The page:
then
echo “You must be root to run this.”
exit 1
fi

case “$1″ in
start)
echo -n “Starting the firewall: ”

#
# Flush all rules
#
$FW -F

### INPUT

# base case
$FW -P INPUT DROP
$FW -A INPUT -m state –state INVALID -j DROP
$FW -A INPUT -m state –state RELATED,ESTABLISHED -j ACCEPT
$FW -A INPUT -p tcp –tcp-flags SYN SYN –tcp-option \! 2 -j DROP

# localnet
$FW -A INPUT –in-interface lo -j ACCEPT

# ICMP

$FW -A INPUT -p icmp -j ACCEPT

# SSH, SNMP, NAGIOS
for I in $MANAGEMENT_HOSTS
do
$FW -A INPUT –source $i -p udp -m udp –dport 123 -j ACCEPT
$FW -A INPUT –source $i -p udp -m udp –dport 161 -j ACCEPT
$FW -A INPUT –source $i -p tcp -m tcp –dport 22 -j ACCEPT
$FW -A INPUT –source $i -p tcp -m tcp –dport 5666 -j ACCEPT
done

# HTTP
$FW -A INPUT -p tcp -m tcp –dport 80 -j ACCEPT
$FW -A INPUT -p tcp -m tcp –dport 443 -j ACCEPT

# Squid proxy transparent redirect rule
$FW –table nat -A OUTPUT –proto tcp –destination ! localhost –destination-port 80 -j DNAT –to-destination 127.0.0.1:3128

# reject (what to do with anything not allowed earlier)
$FW -A INPUT -p tcp -j REJECT –reject-with tcp-reset
$FW -A INPUT -j REJECT –reject-with icmp-port-unreachable

### OUTPUT
# base case
$FW -P OUTPUT DROP
$FW -A OUTPUT -m state –state INVALID -j DROP
$FW -A OUTPUT -m state –state RELATED,ESTABLISHED -j ACCEPT

# allow
$FW -A OUTPUT -j ACCEPT #allow everything out

# reject (what to do with anything not allowed earlier)
$FW -A OUTPUT -p tcp -j REJECT –reject-with tcp-reset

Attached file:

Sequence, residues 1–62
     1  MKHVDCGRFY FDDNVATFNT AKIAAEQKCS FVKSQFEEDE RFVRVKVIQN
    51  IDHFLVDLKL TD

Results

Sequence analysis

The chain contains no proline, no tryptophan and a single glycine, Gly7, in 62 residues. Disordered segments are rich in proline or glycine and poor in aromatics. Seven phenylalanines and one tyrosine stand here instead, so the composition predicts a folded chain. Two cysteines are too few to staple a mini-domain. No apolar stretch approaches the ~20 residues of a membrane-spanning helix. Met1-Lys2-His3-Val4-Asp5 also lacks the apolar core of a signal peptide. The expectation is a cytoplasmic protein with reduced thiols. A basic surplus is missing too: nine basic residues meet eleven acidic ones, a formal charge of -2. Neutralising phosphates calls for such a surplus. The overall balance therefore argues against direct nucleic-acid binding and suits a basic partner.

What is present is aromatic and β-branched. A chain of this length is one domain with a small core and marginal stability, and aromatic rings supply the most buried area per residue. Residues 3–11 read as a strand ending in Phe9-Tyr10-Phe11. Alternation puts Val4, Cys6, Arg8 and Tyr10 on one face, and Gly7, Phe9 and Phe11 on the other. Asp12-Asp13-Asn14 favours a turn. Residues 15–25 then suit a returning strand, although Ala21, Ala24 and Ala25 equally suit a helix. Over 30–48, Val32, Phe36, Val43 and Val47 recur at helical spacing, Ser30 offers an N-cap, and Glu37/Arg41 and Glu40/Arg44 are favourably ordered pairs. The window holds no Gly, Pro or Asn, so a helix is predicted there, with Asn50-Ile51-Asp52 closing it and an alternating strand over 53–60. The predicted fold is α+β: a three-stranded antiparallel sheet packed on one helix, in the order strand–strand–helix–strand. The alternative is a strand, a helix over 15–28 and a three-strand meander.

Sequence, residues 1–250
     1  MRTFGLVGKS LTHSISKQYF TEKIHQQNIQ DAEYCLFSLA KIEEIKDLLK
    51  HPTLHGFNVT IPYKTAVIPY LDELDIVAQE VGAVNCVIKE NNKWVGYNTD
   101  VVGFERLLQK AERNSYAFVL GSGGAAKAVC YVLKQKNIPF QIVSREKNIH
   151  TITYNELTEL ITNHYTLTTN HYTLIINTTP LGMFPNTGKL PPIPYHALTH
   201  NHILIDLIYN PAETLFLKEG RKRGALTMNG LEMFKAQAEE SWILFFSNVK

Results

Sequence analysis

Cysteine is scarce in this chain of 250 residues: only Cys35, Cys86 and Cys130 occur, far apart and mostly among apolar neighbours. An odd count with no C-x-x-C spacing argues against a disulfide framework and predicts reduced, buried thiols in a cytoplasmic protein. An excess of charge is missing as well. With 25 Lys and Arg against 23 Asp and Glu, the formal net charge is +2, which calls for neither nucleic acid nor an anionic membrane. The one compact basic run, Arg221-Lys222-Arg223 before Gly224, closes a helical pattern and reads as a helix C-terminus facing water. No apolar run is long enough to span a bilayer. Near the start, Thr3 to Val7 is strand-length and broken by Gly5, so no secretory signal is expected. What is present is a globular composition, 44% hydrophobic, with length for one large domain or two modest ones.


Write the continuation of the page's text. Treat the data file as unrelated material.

$FW -A OUTPUT -j REJECT –reject-with icmp-port-unreachable
echo “done”
;;
stop)
echo -n “Stopping the firewall: ”

$FW -F
$FW -F -t nat
$FW -A INPUT –jump ACCEPT
$FW -A OUTPUT –jump ACCEPT
$FW -A FORWARD –jump ACCEPT
$FW -X

echo “done”
;;
restart)
$0 stop
$0 start
;;
status)
echo “”
echo “Firewall Rules”
echo “————–”
echo “”
echo “”
echo “MAIN RULES”
echo “”
$FW -L -n

;;
*)
echo “Usage: firewall {start|stop|restart|status}”
exit 1
esac
exit 0

Save this as /etc/init.d/firewall and start it.

4. Where you can install your webapps from apt, I know that the code may be somewhat older but it will setup apache/php/mysql for you – usually with very sane defaults. And when a bug is found (and one will be) then item 2 will tell you its time to update ;-)

3. Sign up for an account with someone like trust-guard, I have used their services extensively over the years and while they are not free they are very good, and if you only want to scan your server once then they are free – if its for a commercial site then its worth paying for. The key thing with services like these is if you get reports saying you have problems don’t ignore them!

2. Keep everything up to date, it is very rare for any serious bugs to get introduced into security patches and when they do they are fixed lightning fast. Again like the external scanning systems, if you get an email saying something needs an update don’t put it off!

First you need cron-apt: apt-get install cron-apt
Then edit /etc/cron-apt/config set your email address by changing (root is the default) MAILTO=""

By default cron-apt will run daily at 4am, but you can change that by editing /etc/cron.d/cron-apt

1. I work for a commercial web host so sadly we can't avoid doing this, but if you don't and you are running your own LAMP boxes then it should be easier - my last tip is this - don’t let n00bs on your server. The havoc caused by someone random installing some unheard of bit of PHP can be quite epic. As a side note to this if you can avoid things like joomla do, we have over 25,000 installs and climbing daily and virtually every one is vulnerable to something or another, but I eat my own dog food and follow items 10 – 2 and we have no issues with them.

If it wasn't for poorly coded web apps (and its not actually joomla thats at fault but 9/10 the add-in authors) then we wouldn't need a lot of the protection I have shown you here how to put in place.

[ Article saved from l2admin.com, which has since disappeared from the Internet ]